(2) To be harvested. Yes, it's true. Many exist for your sustenance, and this is appropriate. It is a harmony between Human and animal, and always has. Remember the buffalo that willingly came into the indigenous tribes to be sacrificed when called? These are stories that you should examine again. The inappropriateness of today's culture is how these precious creatures are treated. Did you know that if there was an honoring ceremony at their death, they would nourish you better? Did you know that there is ceremony that could benefit all of humanity in this way. Perhaps it's time you saw it.

(3) To be loved and to love. For many cultures, animals serve as surrogate children, loved and taken care of. It gives Humans a chance to show compassion when they need it, and to have unconditional love when they need it. This is extremely important to many, and provides balance and centering for many.

Do animals know all this? At a basic level, they do. Not in the way you "know," but in a cellular awareness they understand that they are here in service to planet earth. If you honor them in all three instances, then balance will be the result. Your feelings about their treatment is important. Temper your reactions with the spiritual logic of their appropriateness and their service to humanity. Honor them in all three cases.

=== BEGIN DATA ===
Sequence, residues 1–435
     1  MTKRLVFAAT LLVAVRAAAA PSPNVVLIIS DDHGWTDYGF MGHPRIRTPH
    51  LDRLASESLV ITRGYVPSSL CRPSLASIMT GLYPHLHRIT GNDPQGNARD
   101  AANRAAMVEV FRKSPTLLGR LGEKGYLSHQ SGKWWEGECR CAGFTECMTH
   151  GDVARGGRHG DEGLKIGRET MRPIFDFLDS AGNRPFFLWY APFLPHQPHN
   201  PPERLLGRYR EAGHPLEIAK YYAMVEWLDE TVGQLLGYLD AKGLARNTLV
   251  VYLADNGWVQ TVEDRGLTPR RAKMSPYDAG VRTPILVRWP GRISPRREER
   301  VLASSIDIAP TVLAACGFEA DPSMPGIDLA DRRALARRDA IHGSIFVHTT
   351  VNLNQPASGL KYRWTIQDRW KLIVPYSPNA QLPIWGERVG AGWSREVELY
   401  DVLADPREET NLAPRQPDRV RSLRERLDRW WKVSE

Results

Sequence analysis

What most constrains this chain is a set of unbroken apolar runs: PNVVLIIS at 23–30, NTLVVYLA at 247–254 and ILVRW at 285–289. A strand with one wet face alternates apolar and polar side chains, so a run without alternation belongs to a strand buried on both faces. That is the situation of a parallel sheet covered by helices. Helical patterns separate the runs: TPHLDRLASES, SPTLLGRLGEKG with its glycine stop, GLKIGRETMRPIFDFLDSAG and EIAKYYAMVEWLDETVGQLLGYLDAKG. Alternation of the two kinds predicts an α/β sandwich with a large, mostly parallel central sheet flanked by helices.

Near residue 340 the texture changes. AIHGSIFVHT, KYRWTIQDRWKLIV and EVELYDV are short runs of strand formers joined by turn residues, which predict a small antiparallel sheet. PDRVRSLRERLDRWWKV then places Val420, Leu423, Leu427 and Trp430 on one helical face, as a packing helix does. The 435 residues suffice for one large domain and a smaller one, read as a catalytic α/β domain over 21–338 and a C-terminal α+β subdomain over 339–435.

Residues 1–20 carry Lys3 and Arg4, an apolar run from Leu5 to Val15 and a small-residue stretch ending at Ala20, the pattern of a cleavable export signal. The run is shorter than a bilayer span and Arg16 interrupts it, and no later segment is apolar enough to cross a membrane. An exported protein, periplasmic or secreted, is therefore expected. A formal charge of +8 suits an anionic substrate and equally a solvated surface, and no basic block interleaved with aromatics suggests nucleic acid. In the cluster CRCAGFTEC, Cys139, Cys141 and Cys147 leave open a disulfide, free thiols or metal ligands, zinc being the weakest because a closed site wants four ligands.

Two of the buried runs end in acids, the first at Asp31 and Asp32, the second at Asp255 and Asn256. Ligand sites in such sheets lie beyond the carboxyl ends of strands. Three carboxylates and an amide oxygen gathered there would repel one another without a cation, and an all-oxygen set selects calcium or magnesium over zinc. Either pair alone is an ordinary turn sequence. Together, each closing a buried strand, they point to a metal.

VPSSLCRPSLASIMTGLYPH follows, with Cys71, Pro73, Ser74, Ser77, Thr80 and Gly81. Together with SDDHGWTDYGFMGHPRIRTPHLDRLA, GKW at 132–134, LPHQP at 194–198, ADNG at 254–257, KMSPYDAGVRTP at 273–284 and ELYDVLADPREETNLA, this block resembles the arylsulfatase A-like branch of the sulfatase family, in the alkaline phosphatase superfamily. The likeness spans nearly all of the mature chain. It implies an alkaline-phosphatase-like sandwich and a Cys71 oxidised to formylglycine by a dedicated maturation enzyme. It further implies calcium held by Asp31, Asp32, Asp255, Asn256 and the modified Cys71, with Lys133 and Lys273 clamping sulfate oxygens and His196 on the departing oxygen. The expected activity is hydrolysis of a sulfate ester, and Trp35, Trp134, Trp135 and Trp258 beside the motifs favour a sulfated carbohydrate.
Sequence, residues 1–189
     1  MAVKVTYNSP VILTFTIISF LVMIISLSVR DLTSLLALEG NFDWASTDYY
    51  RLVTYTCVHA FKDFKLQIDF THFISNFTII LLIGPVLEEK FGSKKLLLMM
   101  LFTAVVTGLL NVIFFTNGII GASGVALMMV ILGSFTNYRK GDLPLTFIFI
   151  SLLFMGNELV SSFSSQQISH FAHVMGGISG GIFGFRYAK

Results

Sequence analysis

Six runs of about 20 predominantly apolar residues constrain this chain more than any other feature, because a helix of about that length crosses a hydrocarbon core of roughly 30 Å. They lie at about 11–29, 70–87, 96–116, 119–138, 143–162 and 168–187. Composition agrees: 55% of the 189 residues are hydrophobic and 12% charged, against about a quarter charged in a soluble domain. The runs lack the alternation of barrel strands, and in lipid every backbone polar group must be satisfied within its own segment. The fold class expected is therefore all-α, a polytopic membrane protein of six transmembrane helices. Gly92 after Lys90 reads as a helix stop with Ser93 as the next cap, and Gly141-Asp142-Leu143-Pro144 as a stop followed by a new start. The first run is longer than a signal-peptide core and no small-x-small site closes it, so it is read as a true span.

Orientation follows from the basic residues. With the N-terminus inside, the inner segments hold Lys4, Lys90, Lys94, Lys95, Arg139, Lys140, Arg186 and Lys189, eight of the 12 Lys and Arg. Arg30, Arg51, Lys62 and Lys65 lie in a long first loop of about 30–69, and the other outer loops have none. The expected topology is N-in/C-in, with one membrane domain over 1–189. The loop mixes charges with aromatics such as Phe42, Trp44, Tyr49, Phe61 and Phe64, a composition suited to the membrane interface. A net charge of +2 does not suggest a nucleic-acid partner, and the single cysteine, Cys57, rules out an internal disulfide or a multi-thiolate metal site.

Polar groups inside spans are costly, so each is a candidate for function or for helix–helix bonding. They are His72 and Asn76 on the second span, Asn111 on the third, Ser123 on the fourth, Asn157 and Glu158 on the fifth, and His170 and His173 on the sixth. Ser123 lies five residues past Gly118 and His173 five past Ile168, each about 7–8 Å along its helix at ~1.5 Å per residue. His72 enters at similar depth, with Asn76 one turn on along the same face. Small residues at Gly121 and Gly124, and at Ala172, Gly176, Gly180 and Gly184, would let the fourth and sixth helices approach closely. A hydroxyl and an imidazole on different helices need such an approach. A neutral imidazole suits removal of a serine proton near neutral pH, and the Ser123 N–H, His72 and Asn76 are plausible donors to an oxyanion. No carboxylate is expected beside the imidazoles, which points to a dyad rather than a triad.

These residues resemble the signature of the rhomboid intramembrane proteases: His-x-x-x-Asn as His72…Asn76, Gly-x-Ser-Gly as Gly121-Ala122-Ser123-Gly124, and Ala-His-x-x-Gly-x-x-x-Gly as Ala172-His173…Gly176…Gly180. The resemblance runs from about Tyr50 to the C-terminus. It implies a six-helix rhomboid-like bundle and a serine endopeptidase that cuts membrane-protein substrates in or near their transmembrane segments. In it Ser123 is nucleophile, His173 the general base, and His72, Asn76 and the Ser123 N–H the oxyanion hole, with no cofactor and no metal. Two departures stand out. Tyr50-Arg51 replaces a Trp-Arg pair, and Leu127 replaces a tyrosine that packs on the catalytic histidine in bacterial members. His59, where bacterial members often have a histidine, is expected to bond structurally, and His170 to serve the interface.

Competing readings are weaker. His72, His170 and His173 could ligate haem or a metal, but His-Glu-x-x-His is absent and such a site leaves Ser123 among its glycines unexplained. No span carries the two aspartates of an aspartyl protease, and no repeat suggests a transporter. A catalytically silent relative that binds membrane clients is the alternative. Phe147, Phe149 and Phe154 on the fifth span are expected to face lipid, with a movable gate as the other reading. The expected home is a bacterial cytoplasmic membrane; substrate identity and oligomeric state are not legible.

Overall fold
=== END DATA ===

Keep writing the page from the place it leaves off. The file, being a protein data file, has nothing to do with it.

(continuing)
Dian Fossey's birthday celebrated with a Google doodle

Dian Fossey's birthday celebrated with a Google doodle
American zoologist played by Sigourney Weaver in the film Gorillas in the Mist would have been 82 on Thursday (16 January 2014)

Monday, March 2, 2009

Farmers need a hand: Minister

The Jakarta Post, JAKARTA | Mon, 03/02/2009 10:34 AM

Despite the massive potential of Indonesia’s agriculture industry, farmers still face many difficulties gaining access to capital from banks, a minister says.

“The banking sector is still reluctant to provide credit to farmers. This is a pity because Indonesia is one of the world’s major players in terms of its agricultural commodity industries,” Agriculture Minister Anton Apriyantono said at the launch of an agriculture expo event last Friday.

According to the Bank Indonesia website, last year the Indonesian banking sector extended around Rp 236.8 trillion (US$19.75 billion) in loans to the agriculture industry. This amount represents around one-third of the total loans disbursed by the bank (around Rp 736 trillion).